2017 Obamacare Rates: Requested Rates Up 20%, But Final Rates Expected to Be Lower

Posted by | August 02, 2016 | News | No Comments

Charles Gaba is a healthinsurance.org contributor and founder of ACAsignups.net site designed to track the Affordable Care Act enrollments since 2014. According to Gaba’s blog titled, Presenting the ACA Signups 2017 Requested Rate Hike Challenge!!, requested rates from each state average just over the 20 percent mark. Previous annual reports tracked the difference between the requested rate and the actual rate imposed.

Premium Rate Requests and Approval

2016 projections started at 12 to 13 percent nationally and were estimated to reduce to 9 percent. Once the requests were processed and adjusted, they ended up being 11.6 percent nationally, while the approved average ended up at 8 percent.

The data received by mid-June for 35 states as well as DC, currently represents 79 percent of the population with a 21.67 percent increase requested. Approval numbers are expected to be less, nationally, due to the numerous filings of each state. Requests have to be justified by regulators and the data history has shown that it often leads to rather large decreases from the original request to the actually approved numbers.

As the last few states are added to the data, national numbers are not expected to change very much and the estimate will still hover around the 22 percent range. The current estimate on approval of the requested changes is closer to 18 percent nationally, and effective rates based on full policy premium price should reduce to 14 percent by next spring. Data continues to be pulled and adjusted throughout the year.

These projections do not take into account the co-pays, deductibles, or provider network structure. It is based on 100 percent of enrollees auto-renewing their current plans, then weighted based on qualifying health plans and population in each individual state.

Example of Changes from Requested to approved Rates:

Anthem Blue Cross and Blue Shield health plans serve 55,000 people on Connecticut’s individual market. It is approved to rise by an average of 2.4 percent next year. The insurance company, ConnectiCare has 34,400 customers with an average rate increase of 8.5 percent. They both requested higher rate increases, but the Connecticut Insurance Department regulators felt they were unwarranted and forced revisions to initial proposals.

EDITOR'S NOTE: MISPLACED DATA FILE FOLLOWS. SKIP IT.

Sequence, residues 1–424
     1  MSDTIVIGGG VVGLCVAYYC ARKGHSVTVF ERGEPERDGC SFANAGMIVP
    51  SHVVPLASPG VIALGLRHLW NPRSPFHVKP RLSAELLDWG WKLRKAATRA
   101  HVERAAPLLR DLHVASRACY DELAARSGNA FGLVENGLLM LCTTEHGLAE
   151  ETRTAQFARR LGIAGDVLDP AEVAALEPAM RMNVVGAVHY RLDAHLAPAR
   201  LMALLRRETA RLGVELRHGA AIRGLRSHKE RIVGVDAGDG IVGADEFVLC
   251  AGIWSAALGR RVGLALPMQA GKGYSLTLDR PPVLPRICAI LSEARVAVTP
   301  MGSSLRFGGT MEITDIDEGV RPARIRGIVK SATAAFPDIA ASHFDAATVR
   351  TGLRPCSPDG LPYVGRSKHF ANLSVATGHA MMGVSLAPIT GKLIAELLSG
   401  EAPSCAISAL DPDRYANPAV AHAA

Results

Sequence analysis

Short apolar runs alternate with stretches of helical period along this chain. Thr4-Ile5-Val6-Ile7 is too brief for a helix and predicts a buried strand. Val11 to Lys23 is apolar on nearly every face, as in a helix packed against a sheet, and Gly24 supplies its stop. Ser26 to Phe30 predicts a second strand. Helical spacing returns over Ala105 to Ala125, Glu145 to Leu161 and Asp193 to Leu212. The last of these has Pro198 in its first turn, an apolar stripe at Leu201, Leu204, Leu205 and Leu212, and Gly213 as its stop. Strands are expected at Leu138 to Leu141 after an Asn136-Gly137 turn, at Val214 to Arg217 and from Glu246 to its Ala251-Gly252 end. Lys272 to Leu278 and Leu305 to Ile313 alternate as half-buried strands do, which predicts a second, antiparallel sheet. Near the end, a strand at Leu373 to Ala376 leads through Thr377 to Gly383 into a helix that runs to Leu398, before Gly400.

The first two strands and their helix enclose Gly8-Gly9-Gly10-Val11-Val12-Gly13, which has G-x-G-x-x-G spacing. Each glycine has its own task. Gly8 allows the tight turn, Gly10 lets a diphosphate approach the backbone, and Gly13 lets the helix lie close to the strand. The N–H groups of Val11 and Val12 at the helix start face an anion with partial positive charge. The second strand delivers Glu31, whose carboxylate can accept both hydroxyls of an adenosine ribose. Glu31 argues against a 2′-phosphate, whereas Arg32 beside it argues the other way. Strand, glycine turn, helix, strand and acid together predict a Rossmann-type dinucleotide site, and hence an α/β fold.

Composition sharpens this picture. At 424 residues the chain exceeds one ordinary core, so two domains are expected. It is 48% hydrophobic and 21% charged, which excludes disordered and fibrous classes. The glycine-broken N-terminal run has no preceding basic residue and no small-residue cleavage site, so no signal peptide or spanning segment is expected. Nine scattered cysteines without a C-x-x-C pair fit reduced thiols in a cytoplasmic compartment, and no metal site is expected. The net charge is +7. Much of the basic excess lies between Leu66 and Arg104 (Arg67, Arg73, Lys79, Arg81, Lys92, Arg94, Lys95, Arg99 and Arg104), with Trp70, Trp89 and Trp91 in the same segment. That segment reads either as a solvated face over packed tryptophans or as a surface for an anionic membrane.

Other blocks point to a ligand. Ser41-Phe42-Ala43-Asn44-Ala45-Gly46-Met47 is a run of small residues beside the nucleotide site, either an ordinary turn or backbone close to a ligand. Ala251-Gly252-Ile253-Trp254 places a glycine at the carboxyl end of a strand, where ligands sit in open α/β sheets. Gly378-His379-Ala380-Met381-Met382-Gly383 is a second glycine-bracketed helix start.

Another company, Golden Rule, covering 3,414 people, requested an 18.5 percent hike that was knocked down to only 1.1 percent.

Overall, whether products were purchased on or off the marketplace, the average was only a 3.5 percent increase on the individual market. The small group market did even better at a 2.9 percent reduction.

Final Rates Versus Subsidized Rates

Keep in mind that the approved final rates are dramatically different between the full price for those above 400% of the Federal Poverty Line (FPL) and subsidized rates.

Example of Tax Credits Impact:

Most Florida residents still get coverage from employer plans or government programs such as Medicare, but roughly 1. 7 million purchased from the Obamacare marketplace plans in 2016.

About 91 percent qualified for tax credits. The average monthly full-price premium was $386. After the credits were applied it was reduced to $84 with only a 2 percent increase from the prior year.

Benchmark Basis

Benchmark pricing for the marketplace plans refers to the base rate of the metal categories (bronze, silver, gold) used to determine the ACA’s Advance Premium Tax Credit (APTC). The variation of these rates is actually more important than the change in other premium rates because these determine the amount of the federal tax credit being given.

If the benchmark policy rate in your area changes, it will change your tax credit formula and amount of credit received even if your income level, household dependents, policy type, and premium are the same. The Kaiser Family Foundation website shows how this worked from 2015 to 2016. Inquire about changes to base plan rates and compare pricing before auto-renewing annually.

It is clear, estimates based on requests by each state are far from the approved numbers and in many cases, much less. The final stated premiums are based on the full price before the tax cuts or subsidies are applied, and new benchmark base plan pricing encourages shopping for the best price each year regardless.

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